Applicants with more than five years of experience need not apply. Could this be a problem?
You have a job vacancy—and it is one that you think best suits an applicant without a ton of experience. In an effort to narrow the field to just those candidates who fit the bill in terms of experience, you post the vacancy online and include as one of the qualifications that the applicant should have no more than a specified number of years of experience. Could this lead to a claim of age discrimination?
Apparently so, at least in the Northern District of Illinois. In a recent decision, the district court denied an employer’s motion to dismiss an applicant’s claim of disparate treatment under the ADEA under these circumstances. Kleber v. CareFusion Corp., Case No. 15-cv-1994 (N.D. Ill. November 23, 2015).
CareFusion was looking for an attorney to fill a senior counsel position. The qualifications in the online posting for the position included “3 to 7 years (no more than 7 years) of relevant legal experience.” Dale Kleber was a 59 year old lawyer who had previously been the CEO of a national dairy trade association, general counsel for a Fortune 500 company, and the chairman and interim CEO of a medical device manufacturer. He submitted an application for the position but was not invited to interview. Ultimately, Kleber filed a lawsuit which included a claim for disparate treatment under the ADEA, claiming that the requirement of seven years or less of legal experience was based on the correlation between age and years of experience and was meant to weed out older applicants.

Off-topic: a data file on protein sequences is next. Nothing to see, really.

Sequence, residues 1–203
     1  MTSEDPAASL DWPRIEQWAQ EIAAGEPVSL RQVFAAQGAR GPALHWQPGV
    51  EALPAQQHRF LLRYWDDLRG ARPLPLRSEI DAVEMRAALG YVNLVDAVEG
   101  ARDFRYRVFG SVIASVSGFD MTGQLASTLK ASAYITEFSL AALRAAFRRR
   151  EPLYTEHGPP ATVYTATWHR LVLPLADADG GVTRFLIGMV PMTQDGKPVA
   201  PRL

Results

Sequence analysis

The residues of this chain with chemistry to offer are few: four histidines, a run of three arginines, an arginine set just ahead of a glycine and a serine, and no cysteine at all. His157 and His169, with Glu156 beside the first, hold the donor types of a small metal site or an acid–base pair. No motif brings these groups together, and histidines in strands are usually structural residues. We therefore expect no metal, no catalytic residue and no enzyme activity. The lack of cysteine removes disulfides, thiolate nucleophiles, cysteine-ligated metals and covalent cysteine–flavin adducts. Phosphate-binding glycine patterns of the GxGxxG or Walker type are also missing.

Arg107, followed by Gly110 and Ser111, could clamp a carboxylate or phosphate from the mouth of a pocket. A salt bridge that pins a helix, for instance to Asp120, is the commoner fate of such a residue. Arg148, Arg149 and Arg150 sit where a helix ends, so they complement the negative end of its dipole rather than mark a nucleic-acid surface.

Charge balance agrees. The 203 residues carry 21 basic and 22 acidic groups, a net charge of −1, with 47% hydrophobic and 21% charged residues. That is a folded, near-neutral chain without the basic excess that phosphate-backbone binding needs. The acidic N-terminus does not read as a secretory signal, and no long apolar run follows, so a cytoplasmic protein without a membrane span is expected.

CareFusion asked the court to dismiss the disparate treatment claim on the grounds that failing to hire an overqualified applicant does not constitute age discrimination (a conclusion reached by courts in previous cases). However, Kleber had alleged that the experience cap was really just a way of weeding out older applicants not because of concerns of over-qualification, but because of “stereotypes and unfounded assumptions regarding older workers’ commitment and their willingness to be managed by younger, less-experienced supervisors.”
Although making sure to emphasize that its ruling on a motion to dismiss was not based on the merits of the claim, the court concluded that it was possible that an employer could use experience as a proxy for age and thus make decisions ostensibly about experience but truly motivated by assumptions regarding age. If so, this would be unlawful age discrimination. So, the court found, Kleber had at least stated a sufficient claim under the ADEA to survive the employer’s motion to dismiss.
At the end of the day, assuming the employer here can show that the reason for the experience cap was its desire to eliminate overqualified applicants (and had nothing to do with stereotypes or assumptions about older applicants), it seems like the chances of the plaintiff in this case convincing the court that the employer’s motives were improperly age-based are slim. However, the employer was unable to defeat this claim right off the bat and will have to deal with this lawsuit for at least some period of time. Employers should be cautious about limiting applicants to positions in ways that are tied to a protected characteristic.